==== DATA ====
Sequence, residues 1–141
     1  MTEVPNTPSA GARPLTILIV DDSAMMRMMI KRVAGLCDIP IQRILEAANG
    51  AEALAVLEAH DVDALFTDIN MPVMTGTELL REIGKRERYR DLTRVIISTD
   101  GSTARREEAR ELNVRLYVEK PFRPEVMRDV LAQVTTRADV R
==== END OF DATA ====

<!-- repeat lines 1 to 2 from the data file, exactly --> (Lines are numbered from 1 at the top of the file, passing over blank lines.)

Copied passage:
Sequence, residues 1–141
     1  MTEVPNTPSA GARPLTILIV DDSAMMRMMI KRVAGLCDIP IQRILEAANG